Thanks to Randy Seaver at Genea-Musings, we can also see a PDF from Ancestry called “Follow your family using census records“. It contains details about what is in each census, including a chart showing the main questions that were asked year by year, as well as some instructions for how to trace your family once you’ve located them in the most recent census.

Part of this celebration includes their release of the Ancestry.com Time Machine, which is supposed to create a personal video of your life if you lived 72 years ago. (Unfortunately, after answering all of the questions, it gets stuck on the “loading” screen for me. If it works for you, visit this blog and leave a message about what it produced.)

Online Cookbook from JGS Montreal

Who isn’t always on the look-out for new recipes to try? If you’re interested in some traditional Jewish recipes, then the JGS of Montreal has you covered. Their members have contributed some of their favorite recipes, and sometimes included stories about them too.

Beginning with the traditional cure-all food of chicken soup, they have compiled many dishes that would be familiar to anyone who grew up with Jewish cooking, including kugels, chopped liver, challah, bagels, gefilte fish, and cholent, to name just a few. They also have some lesser known and regional foods, so not everyone will be familiar with them all. There are a variety of main courses including several chicken and turkey dishes and they didn’t forget about the desserts either.

The cookbook is available online in a PDF file, linked from their home page, so anyone can try out their Jewish cooking skills or discover some new flavors. Bon appetit!

The 1940 US Census Is Indexed

In the race to finish indexing the 1940 US Census, Ancestry has won. It was announced today that they have completed their index.

FamilySearch is still at 99%, with most remaining states at 100% and just awaiting arbitration or uploading.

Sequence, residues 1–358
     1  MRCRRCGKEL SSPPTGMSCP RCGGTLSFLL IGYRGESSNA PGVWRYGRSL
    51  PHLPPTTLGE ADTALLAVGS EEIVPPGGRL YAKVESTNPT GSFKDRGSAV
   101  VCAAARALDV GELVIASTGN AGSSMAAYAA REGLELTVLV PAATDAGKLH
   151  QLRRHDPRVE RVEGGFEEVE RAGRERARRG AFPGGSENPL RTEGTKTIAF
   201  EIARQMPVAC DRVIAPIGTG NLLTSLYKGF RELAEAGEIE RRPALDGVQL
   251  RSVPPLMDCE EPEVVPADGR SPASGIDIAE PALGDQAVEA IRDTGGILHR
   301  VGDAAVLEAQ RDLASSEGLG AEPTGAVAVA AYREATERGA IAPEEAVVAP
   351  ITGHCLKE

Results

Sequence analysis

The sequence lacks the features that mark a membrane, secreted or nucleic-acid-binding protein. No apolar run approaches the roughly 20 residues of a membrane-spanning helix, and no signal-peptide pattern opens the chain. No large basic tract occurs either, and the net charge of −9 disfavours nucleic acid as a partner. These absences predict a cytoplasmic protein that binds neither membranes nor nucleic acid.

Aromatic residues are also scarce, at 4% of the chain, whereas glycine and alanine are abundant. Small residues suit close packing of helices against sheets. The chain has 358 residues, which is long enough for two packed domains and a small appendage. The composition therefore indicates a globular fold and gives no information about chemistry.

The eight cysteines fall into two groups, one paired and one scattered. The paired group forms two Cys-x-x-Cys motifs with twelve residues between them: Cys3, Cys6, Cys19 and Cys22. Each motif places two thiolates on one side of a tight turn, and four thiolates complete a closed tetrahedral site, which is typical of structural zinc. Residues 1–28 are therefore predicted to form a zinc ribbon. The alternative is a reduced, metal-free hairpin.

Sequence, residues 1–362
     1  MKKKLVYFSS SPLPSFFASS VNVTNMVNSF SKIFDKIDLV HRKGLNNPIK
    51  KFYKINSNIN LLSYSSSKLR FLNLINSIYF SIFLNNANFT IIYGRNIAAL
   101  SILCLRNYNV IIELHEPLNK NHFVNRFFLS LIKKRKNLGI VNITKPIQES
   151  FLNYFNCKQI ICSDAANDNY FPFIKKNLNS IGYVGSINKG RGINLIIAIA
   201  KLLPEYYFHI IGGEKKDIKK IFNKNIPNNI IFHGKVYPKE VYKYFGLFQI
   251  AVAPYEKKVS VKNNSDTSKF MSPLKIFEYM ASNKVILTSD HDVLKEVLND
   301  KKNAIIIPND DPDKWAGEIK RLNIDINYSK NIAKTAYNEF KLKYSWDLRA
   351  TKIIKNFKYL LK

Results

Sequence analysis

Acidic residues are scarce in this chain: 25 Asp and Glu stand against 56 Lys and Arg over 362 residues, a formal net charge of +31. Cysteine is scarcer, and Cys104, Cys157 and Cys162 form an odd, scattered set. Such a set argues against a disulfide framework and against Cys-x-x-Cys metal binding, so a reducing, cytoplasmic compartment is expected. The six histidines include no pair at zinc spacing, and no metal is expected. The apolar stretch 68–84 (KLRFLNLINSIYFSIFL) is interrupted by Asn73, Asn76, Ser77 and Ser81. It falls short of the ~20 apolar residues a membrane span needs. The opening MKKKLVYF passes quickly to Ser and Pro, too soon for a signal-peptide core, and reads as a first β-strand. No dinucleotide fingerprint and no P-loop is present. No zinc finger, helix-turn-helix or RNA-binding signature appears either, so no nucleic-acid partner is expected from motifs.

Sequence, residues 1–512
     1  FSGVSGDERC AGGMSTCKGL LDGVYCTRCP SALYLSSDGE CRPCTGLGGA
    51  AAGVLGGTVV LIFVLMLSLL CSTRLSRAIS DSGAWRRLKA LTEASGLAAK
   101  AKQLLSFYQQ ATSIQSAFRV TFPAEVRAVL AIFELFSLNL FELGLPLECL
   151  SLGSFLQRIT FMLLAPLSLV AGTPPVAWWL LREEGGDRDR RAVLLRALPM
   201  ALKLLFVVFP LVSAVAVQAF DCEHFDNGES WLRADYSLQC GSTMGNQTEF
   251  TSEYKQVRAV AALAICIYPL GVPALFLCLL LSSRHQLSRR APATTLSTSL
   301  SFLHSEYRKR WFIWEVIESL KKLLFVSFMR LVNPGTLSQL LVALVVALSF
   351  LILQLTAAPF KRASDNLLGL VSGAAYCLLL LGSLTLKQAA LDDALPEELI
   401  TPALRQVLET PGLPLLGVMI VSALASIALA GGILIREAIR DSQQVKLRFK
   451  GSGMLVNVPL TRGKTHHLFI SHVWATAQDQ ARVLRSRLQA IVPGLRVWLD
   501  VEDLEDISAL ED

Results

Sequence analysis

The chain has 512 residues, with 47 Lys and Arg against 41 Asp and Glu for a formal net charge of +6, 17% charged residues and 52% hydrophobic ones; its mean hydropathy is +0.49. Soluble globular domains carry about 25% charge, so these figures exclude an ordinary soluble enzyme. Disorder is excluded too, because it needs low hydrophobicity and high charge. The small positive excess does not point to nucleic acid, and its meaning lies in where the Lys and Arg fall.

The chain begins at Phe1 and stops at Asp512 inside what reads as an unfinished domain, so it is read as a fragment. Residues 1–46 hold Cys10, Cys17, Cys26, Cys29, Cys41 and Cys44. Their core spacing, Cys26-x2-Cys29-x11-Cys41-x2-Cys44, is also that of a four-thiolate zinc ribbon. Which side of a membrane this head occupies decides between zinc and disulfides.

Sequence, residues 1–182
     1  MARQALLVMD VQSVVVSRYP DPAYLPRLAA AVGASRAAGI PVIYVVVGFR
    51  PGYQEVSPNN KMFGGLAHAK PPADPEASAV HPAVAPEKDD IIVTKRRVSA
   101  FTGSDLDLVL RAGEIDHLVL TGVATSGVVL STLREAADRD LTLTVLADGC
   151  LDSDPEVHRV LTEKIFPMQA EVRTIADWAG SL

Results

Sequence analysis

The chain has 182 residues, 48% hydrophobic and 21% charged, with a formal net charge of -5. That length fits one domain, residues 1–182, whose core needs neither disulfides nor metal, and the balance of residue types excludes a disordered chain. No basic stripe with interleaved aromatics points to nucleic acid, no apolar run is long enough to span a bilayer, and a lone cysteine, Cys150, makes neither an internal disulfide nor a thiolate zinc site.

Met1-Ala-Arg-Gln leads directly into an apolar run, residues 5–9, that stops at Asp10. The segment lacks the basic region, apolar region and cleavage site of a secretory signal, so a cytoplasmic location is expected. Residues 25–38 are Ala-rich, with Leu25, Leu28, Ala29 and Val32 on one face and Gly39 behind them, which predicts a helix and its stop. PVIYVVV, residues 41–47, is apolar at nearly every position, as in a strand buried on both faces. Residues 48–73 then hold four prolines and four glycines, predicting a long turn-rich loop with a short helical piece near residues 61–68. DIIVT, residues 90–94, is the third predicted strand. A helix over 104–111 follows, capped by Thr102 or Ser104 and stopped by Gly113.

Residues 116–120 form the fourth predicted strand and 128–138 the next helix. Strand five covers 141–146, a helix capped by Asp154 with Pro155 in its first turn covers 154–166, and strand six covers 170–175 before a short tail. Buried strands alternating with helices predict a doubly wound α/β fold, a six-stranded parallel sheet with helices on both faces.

I have seen other people blog about the inaccuracies in both indexes. From what I’ve read, even with the double entry, FamilySearch still has some errors. The biggest difference is that, if you can find an error in Ancestry, you can send in a correction (but you still have to find it). FamilySearch still has no way to submit corrections (but I think they’re working on that).

So if you haven’t found all of your people yet in the census, maybe it’s about time for you to give it a try. If you have trouble finding people, try to remember the usual search tricks: use wild cards, try to imagine the name written messy and how someone else might interpret the letters, imagine it spoken with an accent and how someone unfamiliar with the name and the accent might write it, use more details or fewer, leave surname or given name blank and fill in other fields.

And check on both sites if you’re still having trouble, because the indexes are different. Remember, FamilySearch will be at 100% any day now, so if you still need a state that’s not finished there, and you’re having trouble finding your people on Ancestry, it won’t be long until you have that other option.

Update

A few hours after publishing this article, FamilySearch announced that their census index was completed. Just before 2pm, the last batch was arbitrated. With 160,000 volunteers, the indexing was completed in 124 days, two months ahead of what they originally predicted. Of course, they still have some behind-the-scenes things to do before the last states are online, so it will be a few more weeks until they’re all searchable on that site. But there you go. Both major indexing projects completed on the same day!

IAJGS Conference Wrap-Up

Last week was the 32nd annual IAJGS Conference on Jewish Genealogy in Paris, France.

During the Tuesday night gala, the following awards were announced:

The IAJGS Lifetime Achievement Award went to Dr. Jeffrey S. Malka for his pioneering work in Sephardic genealogical studies. The award for Outstanding Contribution via Internet went to Logan Kleinwaks for his Genealogy Indexer web site. ViewMate was given the award for Outstanding Program or Project, conceived and initiated by Bernard Kouchel. The award for Outstanding Publication went to Shemot, the journal of the JGS of Great Britain.